On this basis, [we can appreciate the verse,] “Zion shall be redeemed through justice, and her captives, through tzedakah.” The Jews are called Zion by virtue of their involvement in Torah study, Divine service, and deeds of kindness, these reflecting the Torah and its mitzvos in their totality. This causes them to be distinguished, and tziyun, the Hebrew for “Zion” means a “sign.” Even as they find themselves in exile, [they remain distinguished]; they are not — G‑d forbid — lost among the nations. ([To cite a parallel in the realm of halachah, when] a physical object has a “sign,” the sign enables it to be returned to its own­ers [should it be lost]).

Moreover, through the Jews’ observance of the Torah and its mitzvos during the time of exile, they ascend to a higher [spiritual] level, [attaining] an even higher rung than during the time of the Beis HaMikdash. There are two dimensions of this superiority:

a) (As [explained] in sec. 5), the service in the time of exile reveals the intensity and the infinite dimension of the spiritual light, that even the greatest darkness possible (the darkness of exile, [and in particular,] the doubled and redoubled darkness in the era of ikvesa diMeshicha) [the time when Mashiach’s approaching footsteps can be heard] cannot bring about concealment for it. When speaking in general terms, this alludes to the light that is above the keilim, (the light that is apart1). [This light can be described as] infinite, but it is, nevertheless, categorized as light.

b) The transformation of darkness into light reveals [G‑d’s] essence which transcends the categories of light and darkness (as above).

The verse, [“Zion shall be redeemed...,”] is the final and concluding2 verse of the Haftorah Chazon Yeshayahu. [Yeshayahu (as reflected by his name) is associated with yeshuah,3 salvation. This also includes the true salvation, i.e., the Complete Redemp­tion which will never be followed by exile.4 This is intimated by the continuation of the verse,5 “who received visions... in the days... of Yichezkiyahu,”6 [for it is said,]7 “G‑d sought to make [Yi]chezkiyahu Mashiach.”]

This verse speaks of the ascent that will take place during the Future Redemption, and more specifically — [that which is achieved] through the second [dimension of] the ascent [which involves the transformation of the darkness itself into light], the primary aspect and ultimate purpose of exile.

On this basis, we can understand why the verse uses [both expressions,] “redeemed” and “those who return to her” [as noted in sec. 3]: For the ascent involves both the body that will be redeemed from exile (“redeemed”), and the soul that will re­turn from the place of exile (“those who return to her”). Similarly, we can comprehend why redemption comes about through “justice,” while the return comes through charity. For the ascent to be experienced by the body (redemption) is a function of justice. Since the body was in actual exile and it brought about the transformation of darkness into light, the advantage and the ascent that will accrue to it through this service, is due the body by right; [granting it is an act of] “justice.” For the soul which merely was in the place of exile ([as implied by the term] “those who return”) to be elevated to this level is (not due it by right, rather it comes) as an act of charity.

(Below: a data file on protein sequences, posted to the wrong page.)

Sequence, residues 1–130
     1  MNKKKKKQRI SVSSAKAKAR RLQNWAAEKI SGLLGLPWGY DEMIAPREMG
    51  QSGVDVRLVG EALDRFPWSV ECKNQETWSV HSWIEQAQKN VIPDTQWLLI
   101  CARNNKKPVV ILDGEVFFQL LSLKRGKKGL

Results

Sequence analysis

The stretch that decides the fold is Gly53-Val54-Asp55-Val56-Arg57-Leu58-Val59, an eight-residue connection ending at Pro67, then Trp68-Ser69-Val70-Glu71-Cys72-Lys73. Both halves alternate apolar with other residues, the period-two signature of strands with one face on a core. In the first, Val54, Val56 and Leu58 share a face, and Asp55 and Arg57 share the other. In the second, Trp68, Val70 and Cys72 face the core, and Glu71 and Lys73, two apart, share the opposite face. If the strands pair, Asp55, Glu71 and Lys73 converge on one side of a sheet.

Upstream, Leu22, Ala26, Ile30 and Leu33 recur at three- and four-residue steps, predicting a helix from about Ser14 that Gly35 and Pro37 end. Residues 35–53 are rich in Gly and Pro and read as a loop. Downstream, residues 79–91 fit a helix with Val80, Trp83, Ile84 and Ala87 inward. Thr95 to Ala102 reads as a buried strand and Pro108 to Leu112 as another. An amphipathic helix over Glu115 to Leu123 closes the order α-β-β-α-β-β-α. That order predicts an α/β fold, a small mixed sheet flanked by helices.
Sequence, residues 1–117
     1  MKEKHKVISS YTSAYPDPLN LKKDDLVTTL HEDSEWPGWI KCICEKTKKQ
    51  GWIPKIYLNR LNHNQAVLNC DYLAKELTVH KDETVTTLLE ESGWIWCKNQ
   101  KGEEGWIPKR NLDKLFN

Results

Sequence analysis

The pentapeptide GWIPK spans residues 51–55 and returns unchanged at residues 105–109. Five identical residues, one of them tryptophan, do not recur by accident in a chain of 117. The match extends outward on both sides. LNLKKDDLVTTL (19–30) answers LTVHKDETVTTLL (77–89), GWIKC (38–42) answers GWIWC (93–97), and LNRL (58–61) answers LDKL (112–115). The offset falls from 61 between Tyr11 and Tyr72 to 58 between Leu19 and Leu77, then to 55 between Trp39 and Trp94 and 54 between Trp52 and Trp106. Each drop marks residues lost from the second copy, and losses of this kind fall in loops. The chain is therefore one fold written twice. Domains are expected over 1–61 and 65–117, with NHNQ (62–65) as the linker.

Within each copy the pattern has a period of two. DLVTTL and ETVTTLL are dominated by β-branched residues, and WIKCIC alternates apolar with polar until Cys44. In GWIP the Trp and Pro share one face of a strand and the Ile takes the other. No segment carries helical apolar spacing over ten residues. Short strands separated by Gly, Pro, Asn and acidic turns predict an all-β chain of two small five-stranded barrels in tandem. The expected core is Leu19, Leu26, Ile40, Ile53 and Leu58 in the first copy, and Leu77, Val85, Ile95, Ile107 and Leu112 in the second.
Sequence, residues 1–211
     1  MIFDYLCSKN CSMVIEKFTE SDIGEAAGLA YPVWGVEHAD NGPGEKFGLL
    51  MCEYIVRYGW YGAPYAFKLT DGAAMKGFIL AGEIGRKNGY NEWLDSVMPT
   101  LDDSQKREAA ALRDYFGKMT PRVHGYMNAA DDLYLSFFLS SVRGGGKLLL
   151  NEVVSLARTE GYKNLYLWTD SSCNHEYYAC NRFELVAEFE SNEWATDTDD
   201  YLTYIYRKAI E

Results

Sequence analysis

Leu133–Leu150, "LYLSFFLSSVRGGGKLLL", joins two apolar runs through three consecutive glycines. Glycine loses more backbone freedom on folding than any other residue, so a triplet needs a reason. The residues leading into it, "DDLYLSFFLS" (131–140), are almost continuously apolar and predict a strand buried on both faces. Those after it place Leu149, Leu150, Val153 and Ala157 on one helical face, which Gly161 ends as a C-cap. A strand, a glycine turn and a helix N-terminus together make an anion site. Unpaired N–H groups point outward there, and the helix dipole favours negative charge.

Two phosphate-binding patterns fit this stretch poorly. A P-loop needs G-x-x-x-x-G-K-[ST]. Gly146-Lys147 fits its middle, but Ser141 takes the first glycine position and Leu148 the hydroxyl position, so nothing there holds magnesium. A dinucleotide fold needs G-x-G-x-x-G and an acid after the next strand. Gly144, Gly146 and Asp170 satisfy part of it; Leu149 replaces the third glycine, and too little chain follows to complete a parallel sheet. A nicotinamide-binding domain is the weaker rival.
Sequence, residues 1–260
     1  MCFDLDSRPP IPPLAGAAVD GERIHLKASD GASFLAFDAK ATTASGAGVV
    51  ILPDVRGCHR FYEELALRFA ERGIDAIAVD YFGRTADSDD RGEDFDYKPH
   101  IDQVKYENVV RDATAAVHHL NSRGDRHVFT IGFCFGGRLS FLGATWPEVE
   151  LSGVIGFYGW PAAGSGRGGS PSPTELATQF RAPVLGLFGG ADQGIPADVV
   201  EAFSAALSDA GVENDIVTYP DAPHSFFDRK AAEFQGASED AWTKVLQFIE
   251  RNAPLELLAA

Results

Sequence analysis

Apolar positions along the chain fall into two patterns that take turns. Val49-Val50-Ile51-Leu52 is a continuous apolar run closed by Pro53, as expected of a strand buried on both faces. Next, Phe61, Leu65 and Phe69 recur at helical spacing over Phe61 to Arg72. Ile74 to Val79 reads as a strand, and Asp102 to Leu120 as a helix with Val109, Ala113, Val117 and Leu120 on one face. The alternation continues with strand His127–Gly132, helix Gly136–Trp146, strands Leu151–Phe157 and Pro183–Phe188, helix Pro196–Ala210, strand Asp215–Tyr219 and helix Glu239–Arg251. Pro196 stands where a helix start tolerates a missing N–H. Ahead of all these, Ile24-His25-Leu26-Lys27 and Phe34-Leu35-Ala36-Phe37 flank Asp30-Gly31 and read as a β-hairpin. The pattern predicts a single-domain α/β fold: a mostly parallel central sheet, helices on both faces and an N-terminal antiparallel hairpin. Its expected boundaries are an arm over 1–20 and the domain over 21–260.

In addition, it is possible to say that in one particular, there is a superior aspect to the ascent of the soul over the ascent of the body. Since the ascent of the body is an expression of judgment (i.e., its ascent is in accord with the scales of intellect and logic), it is within the bounds of measure and limitation. The ascent of the soul, by contrast, comes as an expression of charity and is thus above all measure and limitation.

“A verse is not to be taken out of its plain context.”8 On the contrary, it is through studying the plain intent that the essence of the Torah is revealed. For the plain intent relates to the world of Asiyah,9 [the world] in which the Divine intent of having a dwelling place in the lowest realms is fulfilled. We may also say that this is the (inner) reason why the Torah study of school-children, “breath that is devoid of sin,10” concerns specifically the plain meaning of the Torah.

The same also applies with regard to the matter at hand, the verse “Zion shall be redeemed through justice and her captives, through righteousness.” The aspect of primary importance is the plain and simple meaning of the verse — the actual redemption and exodus from exile in the True and Complete Redemption led by our Righteous Mashiach; may this take place very speedily, in our times.